Wednesday, September 21, 2005

Comics of the 90s: If Someone Asks You If You’re a God, You Say Yes!

Superhero comics have a nasty tendency to eat their own. New titles have a hell of a time gaining traction, but the old titles face boredom and staleness. What’s a comic company to do?


The Tom DeFalco/Ron Frenz team on The Mighty Thor did their best Lee/Kirby homage for years, but the stories had grown stale. (I’m pretty sure sales weren't great either.) Thus came…Reinvention!

First, they "fused" Thor to a human host, an architect named Eric Masterson, thereby returning the old “alter ego” problems of yesteryear.

The fusion (and accompanying rules about transformation) brought back fears of the Thunder God reverting to “normal guy” at bad times: “Forsooth, if I cannot retrieve mine hammer before sixty seconds elapse, my form will revert to that of a mere mortal!” It also allowed the writers to indulge in a bit more soap opera: Masterson had to explain absences, romance the ladies, and keep a job.*

This bit didn’t work all that well—the godly romping of Thor didn’t really affect the human host, aside from messing up his schedules. The human host’s life didn’t affect Thor overmuch either.

So the Reinvention kept on rolling.

As punishment for killing his evil stepbrother Loki, Thor was banished from Earth forever. (Or as long as “forever” lasts in Marvel Comics.) Rather than leave the world defenseless, the gods bequeath Thor’s powers to his human host.

This was groovy.

Thor is often a lame superhero. He’s tremendously powerful but lacking in personality. He’s not science-fictiony, he’s not much for soap operas--he’s a big ol’ monster-basher.

The two great runs on The Mighty Thor, the Kirby era and the Simonson era, didn’t treat him like a superhero with a weird speech pattern. Instead they played up Thor’s godhood and farted around the Fabled Halls of Asgard, throwing Frost Giants and oddball magic at him. And yea, those stories did rocketh.

DeFalco and Frenz applied this knowledge and jerked the formula around a bit.

The Eric Masterson Thor had two engines driving it: the plot, Quest to Find the Banished Thor, and the recurring theme, Eric Ain’t a God. The book not only had Hoo-Hah Action a-plenty, it had the contrast between an ordinary man and the role he’s forced to play. Not only did this make the character of Thor more interesting, it enhanced the stature and exoticism of the Norse Gods. The towers of Asgard seem taller and the gods more impressive when there’s a lone human in the middle of it all.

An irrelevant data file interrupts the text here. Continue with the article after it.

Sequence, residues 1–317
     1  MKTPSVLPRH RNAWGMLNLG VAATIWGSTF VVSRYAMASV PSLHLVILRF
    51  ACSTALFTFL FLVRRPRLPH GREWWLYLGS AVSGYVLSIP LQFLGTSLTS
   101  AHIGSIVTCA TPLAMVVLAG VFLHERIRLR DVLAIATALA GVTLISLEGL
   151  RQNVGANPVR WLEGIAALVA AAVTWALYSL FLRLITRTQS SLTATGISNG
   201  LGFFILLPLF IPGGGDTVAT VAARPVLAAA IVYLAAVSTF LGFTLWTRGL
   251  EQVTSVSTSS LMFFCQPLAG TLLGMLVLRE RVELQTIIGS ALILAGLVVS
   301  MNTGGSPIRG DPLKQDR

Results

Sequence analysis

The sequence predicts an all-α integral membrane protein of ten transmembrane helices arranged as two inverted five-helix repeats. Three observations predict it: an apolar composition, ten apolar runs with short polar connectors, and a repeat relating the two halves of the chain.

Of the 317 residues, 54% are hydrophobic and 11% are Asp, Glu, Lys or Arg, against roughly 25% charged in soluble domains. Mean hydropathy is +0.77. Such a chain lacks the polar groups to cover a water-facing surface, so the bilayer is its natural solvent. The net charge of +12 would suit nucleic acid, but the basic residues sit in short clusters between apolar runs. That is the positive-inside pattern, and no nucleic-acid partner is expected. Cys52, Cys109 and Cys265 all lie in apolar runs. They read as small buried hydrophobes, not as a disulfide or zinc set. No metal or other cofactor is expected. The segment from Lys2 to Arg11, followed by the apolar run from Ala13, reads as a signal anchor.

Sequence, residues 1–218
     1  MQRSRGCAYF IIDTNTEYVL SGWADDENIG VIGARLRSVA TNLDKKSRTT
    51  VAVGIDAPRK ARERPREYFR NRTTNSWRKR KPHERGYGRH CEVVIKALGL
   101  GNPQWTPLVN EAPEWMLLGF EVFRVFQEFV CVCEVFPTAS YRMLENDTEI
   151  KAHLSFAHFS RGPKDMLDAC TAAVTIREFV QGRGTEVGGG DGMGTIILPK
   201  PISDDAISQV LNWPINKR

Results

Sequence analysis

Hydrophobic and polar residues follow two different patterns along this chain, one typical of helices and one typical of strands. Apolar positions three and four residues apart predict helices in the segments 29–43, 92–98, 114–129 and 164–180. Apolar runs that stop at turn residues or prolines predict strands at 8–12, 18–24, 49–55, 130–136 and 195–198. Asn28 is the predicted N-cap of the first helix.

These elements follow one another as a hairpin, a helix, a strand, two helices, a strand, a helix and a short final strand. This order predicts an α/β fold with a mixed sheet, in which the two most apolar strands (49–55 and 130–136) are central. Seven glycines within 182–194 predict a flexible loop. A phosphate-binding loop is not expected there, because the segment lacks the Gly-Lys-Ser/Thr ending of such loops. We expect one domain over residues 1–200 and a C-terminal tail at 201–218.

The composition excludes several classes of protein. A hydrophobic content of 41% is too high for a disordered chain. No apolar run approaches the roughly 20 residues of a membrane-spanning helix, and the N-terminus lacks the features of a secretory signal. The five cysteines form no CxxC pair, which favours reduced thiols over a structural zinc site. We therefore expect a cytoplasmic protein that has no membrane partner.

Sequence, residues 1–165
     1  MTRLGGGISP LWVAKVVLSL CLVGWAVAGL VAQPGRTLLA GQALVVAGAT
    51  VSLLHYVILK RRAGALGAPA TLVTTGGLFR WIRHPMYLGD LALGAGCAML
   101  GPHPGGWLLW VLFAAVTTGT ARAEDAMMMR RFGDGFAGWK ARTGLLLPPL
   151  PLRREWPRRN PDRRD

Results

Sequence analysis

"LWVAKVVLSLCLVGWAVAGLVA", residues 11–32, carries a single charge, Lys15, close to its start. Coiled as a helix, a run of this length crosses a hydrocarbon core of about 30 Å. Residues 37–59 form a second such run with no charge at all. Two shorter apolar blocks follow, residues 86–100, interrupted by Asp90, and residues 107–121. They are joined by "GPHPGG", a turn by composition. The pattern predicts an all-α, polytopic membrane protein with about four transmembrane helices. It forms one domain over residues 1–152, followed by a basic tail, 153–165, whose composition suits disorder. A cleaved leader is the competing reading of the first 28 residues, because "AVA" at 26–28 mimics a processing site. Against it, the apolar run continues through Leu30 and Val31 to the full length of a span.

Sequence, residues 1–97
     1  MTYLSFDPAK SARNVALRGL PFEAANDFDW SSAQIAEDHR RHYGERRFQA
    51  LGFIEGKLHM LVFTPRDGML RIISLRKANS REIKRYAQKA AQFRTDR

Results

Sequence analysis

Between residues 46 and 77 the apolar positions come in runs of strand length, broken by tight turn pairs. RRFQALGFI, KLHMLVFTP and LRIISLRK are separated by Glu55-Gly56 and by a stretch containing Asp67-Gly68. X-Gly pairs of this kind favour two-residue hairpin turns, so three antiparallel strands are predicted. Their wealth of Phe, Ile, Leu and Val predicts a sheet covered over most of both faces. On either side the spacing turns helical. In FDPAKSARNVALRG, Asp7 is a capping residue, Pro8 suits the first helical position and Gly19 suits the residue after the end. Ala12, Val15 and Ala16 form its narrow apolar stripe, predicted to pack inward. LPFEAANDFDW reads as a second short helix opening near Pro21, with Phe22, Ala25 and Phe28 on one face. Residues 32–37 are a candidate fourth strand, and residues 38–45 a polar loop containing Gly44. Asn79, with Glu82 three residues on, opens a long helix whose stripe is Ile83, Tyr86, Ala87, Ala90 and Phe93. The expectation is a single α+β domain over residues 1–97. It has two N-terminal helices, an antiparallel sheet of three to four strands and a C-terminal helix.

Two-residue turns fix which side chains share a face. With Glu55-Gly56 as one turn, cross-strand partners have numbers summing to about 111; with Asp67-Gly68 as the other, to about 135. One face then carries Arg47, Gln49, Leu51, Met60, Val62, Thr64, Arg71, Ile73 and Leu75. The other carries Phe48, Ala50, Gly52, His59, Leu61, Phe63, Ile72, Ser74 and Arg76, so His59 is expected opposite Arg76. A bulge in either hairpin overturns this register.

Wisely, DeFalco and Frenz didn’t string out the storyline too long. Eric was able to defeat a revived Loki, save Asgard, generate a bit of romantic tension with Thor’s longtime goddess girlfriend, and finally rescue the long-exiled Thor.


Since this was the nineties, they couldn’t let the storyline rest. Oh no no. The Powers That Be gave Eric Masterson a newfangled magic mace, the ability to transform into a Thor clone, and a new series: Thunderstrike.

Thunderstrike was okay, but lacking the contrast between the mortal man and the god whose shoes the man has to fill, it wasn’t nearly as much fun.**

*An odd footnote to comic history: DeFalco and Frenz made Eric Masterson a little different than the normal would-be superhero alter-ego. Masterson was in his late thirties, divorced, and had a son. He had to deal with his ex’s second husband, custody issues, and running his own architecture business. For a superhero comic, that’s a bold departure.

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Blogger Bill Reed said...

Dammit, I was gonna do a bit on the DeFalco/Frenz Thor/Thunderstrike!

Eric Masterson is the best character Marvel ever had. I adore that run.

9/21/2005 12:51:00 PM  
Blogger Harvey Jerkwater said...

Crap. Sorry, dude.

The DeFalco-Frenz Amazing Spider-Man run in the mid-eighties was also freakin' great. I would have written about that, but it was the wrong decade.

9/21/2005 02:15:00 PM  
Blogger Bill Reed said...

It's not like mine would've been much different, and this way, I have to do less work now. Therefore, I win!

Now if only they'd bring back wacky guys like the Mongoose.

9/21/2005 03:17:00 PM  
Blogger Bill said...

The Eric-as-replacement-Thor storyline was the only time in my life I bought Thor on a regular basis (I was a shade too young to appreciate the Simonson run as it was happening, and I missed the beginning of it, anyway, so Beta Ray Bill confused the hell out of me). What a great run that was.

9/21/2005 05:09:00 PM  
Blogger Peter Hensel said...

What issues are in the run? You've piqued my interest

9/21/2005 09:21:00 PM  
Blogger Bill Reed said...

DeFalco and Frenz did from 386 to 459, give or take a few fill-ins. Also, Thunderstrike #1 to 24.

Yeah, long run. I've got almost all the Thors, though, and then I'll be moving onto the Thunderstrikes. Hahahahaha!

Eric Masterson appeared circa 391, merged with Thor in 408, and *became* Thor in 432. He left the book with 459, and got his own spin-off, which lasted two years before it was cancelled for, apparently, being too popular.

9/21/2005 10:02:00 PM  
Blogger Bill Reed said...

Er, and by 386 I meant 383. :)

9/21/2005 10:03:00 PM  
Blogger kelvingreen said...

The Defalco/Frenz ASM issues were among the first superhero comics I ever read, and were what got me into Spidey all those years ago.

I just had the opportunity to read them again for the first time in twenty years and they stand up quite well, especially Frenz' art.

Missed their Thor run though.

9/22/2005 12:04:00 PM  
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